Great Lakes Environmental Directory Great Lakes Great Lakes environment Great Lakes grants exotic species water pollution water export drilling environment Great Lakes pollution Superior Michigan Huron Erie Ontario ecology Great Lakes issues wetlands Great Lakes wetlands Great Lakes Great Lakes environment Great Lakes watershed water quality exotic species Great Lakes grants water pollution water export oil gas drilling environment environmental Great Lakes pollution Lake Superior Lake Michigan Lake Huron Lake Erie Lake Ontario Great Lakes ecology Great Lakes issues Great Lakes wetlands Great Lakes Resources Great Lakes activist Great Lakes environmental organizations Great Lakes Aquatic Habitat air pollution alien species threatened rare endangered species ecological Great Lakes information Success Stories Great Lakes Directory Home/News Great Lakes Calendar Great Lakes jobs/volunteering Search Great Lakes Organizations Take Action! Contact Us Resources/Links Great Lakes Issues Great Lakes News Article About Us Networking Services

Great Lakes Article:

Chemical spill shuts part of St. Lawrence Seaway
Canadian Press
Published July 27th, 2004

BROCKVILLE A chemical spill shut down part of the St. Lawrence Seaway today after a barge ran aground near Alexandria Bay, N.Y.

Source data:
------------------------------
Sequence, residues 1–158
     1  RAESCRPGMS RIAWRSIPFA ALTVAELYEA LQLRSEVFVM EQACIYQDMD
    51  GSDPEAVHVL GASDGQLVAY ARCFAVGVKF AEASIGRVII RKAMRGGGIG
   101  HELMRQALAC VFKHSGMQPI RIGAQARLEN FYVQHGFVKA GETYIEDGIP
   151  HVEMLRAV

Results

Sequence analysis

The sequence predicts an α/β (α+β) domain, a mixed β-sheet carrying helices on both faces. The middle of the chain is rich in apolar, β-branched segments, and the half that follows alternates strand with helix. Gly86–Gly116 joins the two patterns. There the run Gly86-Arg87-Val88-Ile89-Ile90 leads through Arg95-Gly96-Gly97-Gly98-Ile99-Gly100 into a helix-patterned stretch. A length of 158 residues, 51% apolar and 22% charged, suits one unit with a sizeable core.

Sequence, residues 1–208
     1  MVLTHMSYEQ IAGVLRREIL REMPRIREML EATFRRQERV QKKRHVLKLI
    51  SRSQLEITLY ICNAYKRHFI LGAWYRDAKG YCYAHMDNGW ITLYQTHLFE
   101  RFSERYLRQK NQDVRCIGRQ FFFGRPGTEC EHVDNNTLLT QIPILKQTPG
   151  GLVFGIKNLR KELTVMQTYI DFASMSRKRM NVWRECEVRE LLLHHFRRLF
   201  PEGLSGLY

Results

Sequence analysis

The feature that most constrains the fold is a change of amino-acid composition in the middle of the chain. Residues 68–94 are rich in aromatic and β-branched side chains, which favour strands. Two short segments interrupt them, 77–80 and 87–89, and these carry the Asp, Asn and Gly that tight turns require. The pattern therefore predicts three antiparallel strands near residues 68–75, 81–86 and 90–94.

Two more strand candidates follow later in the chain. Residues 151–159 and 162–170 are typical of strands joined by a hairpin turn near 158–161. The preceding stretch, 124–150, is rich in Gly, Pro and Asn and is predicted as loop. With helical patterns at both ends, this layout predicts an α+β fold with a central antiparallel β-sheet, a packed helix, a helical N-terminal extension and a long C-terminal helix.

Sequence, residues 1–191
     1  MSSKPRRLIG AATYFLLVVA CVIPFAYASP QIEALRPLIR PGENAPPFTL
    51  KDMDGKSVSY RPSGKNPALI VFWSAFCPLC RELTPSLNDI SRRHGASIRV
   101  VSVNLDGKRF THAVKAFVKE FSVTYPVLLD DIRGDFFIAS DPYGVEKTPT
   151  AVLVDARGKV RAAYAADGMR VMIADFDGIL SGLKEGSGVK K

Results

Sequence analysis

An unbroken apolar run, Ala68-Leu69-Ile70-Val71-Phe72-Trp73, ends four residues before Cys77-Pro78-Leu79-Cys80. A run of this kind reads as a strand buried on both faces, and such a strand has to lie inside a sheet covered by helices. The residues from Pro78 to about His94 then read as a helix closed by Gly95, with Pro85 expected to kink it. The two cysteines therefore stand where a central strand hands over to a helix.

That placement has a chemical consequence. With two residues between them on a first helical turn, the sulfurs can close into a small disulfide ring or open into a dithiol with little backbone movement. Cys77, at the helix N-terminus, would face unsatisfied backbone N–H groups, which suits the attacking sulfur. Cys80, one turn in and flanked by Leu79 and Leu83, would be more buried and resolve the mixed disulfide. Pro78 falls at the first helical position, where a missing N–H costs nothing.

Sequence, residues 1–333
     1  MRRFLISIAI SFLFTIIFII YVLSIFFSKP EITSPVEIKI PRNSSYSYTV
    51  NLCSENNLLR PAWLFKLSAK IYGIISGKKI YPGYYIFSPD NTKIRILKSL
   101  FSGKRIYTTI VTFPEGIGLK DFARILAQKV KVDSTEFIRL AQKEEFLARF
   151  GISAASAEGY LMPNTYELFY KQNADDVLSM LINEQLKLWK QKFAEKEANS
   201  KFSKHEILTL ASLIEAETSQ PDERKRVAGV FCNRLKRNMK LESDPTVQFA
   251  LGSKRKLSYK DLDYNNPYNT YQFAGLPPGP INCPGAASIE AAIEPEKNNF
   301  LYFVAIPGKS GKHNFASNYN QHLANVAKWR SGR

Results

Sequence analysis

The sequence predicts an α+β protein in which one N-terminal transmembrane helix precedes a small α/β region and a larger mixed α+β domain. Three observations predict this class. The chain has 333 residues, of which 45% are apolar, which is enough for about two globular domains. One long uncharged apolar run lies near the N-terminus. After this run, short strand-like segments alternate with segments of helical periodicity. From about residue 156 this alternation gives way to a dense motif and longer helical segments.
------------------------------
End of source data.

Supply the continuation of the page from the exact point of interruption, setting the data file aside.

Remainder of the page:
Officials closed the seaway between Cape Vincent, N.Y., and the Prescott anchorage around 6:30 a.m, docking six ships for most of the day.

Preliminary reports from the scene suggested the steering mechanism on the tugboat Salvor malfunctioned. Cables connecting the tugboat to the barge then snapped, sending the barge into nearby rocks.

Adina Juster, vice-president at the St. Lawrence Seaway Management Corp., said about 50,000 litres of calcium chloride leaked from the barge into the water.

Officials said the chemical, used to melt ice on roads and control dust, is "non-toxic" and doesn't pose a threat to people or the environment.

The spill only affected the American side of the seaway.

Juster said some traffic would resume later today.

"The plan seems to be to let the first upbound ship pass," said Juster. "We don't want to disturb the waters too much around the barge. We don't want the leaks to continue."

The Canadian-owned and operated tug and barge were on their way from Amherstburg, Ont., to Montreal.

Officials from environmental monitoring agencies on both sides of the border were on site.

No one was injured in the incident.

This information is posted for nonprofit educational purposes, in accordance with U.S. Code Title 17, Chapter 1,Sec. 107 copyright laws.
For more information go to: http://www.law.cornell.edu/uscode/17/107.shtml. If you wish to use copyrighted material from this site for
purposes of your own that go beyond "fair use," you must obtain permission from the copyright owner.


Great Lakes environmental information

Return to Great Lakes Directory Home/ Site Map